Sri Sri Ravi Shankar's Art Of Living Blamed For Damage To Yamuna Floodplains  By Green Court Art of Living Case on Yamuna Flood Plain

    Respondent No. 3, the Art of Living Foundation, argued that all the requisite approvals and clearances had been obtained from various regulatory bodies, and only then did the construction work began. Furthermore, AOL claimed that it was not bound by the Yamuna Judgment’s principles since it was not a party to the said judgment and hence could not be held responsible for the devastation of the floodplains. It was further argued by respondent No 3 that farming operations, disposal of debris, and other activities had already ruined the floodplains a long time ago.

    Judgement: –

    Sri Sri Ravi Shankar’s Art of Living Foundation was held responsible by the National Green Tribunal (NGT) for the alleged damage caused to the Yamuna floodplains as a result of the World Cultural Festival organized in March 2016. The NGT panel found that the organizers of the Art of Living Festival violated environmental standards and seriously damaged the region of the food aircraft at the Yamuna River bank in Delhi.

    The Government of Delhi and Delhi Development Authority (DDA) previously approved organizers of the Art of Living festival, but under some circumstances, it was an. After falling heavily on the foundation for not revealing its full plans, the NGT panel levied a penalty of Rs. 5 Crore on the Art of Living Foundation as environmental compensation. The panel also warned the AOL Foundation that the grant of Rs.2.5 crore which the Ministry of Culture is supposed to pay AOL would be attached in case of failure to pay the penalized sum.

    While reacting to the verdict with dismay, the Art of Living Foundation expressed dissatisfaction and asserted that it had complied with all environmental laws and standards and that NGT did not accept its submissions. In a declaration, the Art of Living Foundation said, “We will appeal to the Supreme Court.” We are sure we are going to get justice.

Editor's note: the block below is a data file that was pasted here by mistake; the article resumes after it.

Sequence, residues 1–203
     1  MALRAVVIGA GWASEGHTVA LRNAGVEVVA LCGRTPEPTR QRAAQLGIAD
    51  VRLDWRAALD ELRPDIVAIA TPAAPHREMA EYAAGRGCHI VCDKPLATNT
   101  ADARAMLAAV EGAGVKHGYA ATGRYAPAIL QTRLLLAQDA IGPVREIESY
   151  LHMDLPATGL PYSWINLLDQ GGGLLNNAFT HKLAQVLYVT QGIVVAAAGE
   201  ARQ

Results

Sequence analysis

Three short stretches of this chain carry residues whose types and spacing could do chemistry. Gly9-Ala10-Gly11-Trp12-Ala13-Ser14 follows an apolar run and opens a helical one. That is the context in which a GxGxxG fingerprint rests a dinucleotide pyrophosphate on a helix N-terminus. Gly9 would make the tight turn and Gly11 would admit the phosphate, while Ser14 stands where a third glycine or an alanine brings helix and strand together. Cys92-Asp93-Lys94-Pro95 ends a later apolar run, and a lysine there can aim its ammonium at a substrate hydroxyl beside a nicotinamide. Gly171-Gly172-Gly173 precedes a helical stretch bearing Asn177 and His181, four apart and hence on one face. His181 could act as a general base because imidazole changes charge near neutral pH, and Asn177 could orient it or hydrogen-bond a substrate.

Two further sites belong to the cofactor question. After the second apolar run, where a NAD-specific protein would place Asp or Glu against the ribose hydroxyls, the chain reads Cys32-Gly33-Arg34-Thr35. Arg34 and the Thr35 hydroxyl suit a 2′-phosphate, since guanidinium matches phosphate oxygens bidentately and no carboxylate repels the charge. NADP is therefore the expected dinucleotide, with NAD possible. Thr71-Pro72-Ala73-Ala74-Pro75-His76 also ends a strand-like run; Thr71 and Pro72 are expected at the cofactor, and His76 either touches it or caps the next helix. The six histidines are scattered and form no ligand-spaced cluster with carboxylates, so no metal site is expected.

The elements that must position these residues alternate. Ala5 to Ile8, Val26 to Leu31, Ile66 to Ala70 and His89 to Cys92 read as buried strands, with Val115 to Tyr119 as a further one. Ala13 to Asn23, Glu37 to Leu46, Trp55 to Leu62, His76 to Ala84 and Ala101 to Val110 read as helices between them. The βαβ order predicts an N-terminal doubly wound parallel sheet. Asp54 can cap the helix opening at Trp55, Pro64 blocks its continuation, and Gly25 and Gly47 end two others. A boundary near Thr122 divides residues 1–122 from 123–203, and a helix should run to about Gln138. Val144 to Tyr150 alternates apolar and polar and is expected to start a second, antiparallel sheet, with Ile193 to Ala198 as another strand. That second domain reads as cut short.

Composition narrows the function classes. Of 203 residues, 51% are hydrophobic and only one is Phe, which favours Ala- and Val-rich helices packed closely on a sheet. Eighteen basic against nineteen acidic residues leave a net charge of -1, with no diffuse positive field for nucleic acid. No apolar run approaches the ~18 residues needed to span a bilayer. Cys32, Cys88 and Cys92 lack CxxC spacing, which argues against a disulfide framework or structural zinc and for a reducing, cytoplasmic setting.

Conclusion: –

    The case is fascinating and NGT has been strongly criticized for how it approached the problem. The tribunal was set up to give the State’s contribution to our care for the environment a tangible form and is perhaps the most relevant and empowered body to decide instances of environmental problems and harm caused to it. I believe that the tribunal’s main purpose is to protect the environment.

    But in this case, despite being aware that the Yamuna floodplains are seriously impaired from an environmental point of view, it encouraged the organizers to go forward with the event, knowing full well that after such a large event, the state of the floodplains would become much worse. The judgment thus stamped the ‘pay and pollute’ scheme and allowed the ecosystem to be abused. The case has set a poor potential precedent; it is likely to allow parties to use the decision to their benefit and weaken our battle against harm to the environment.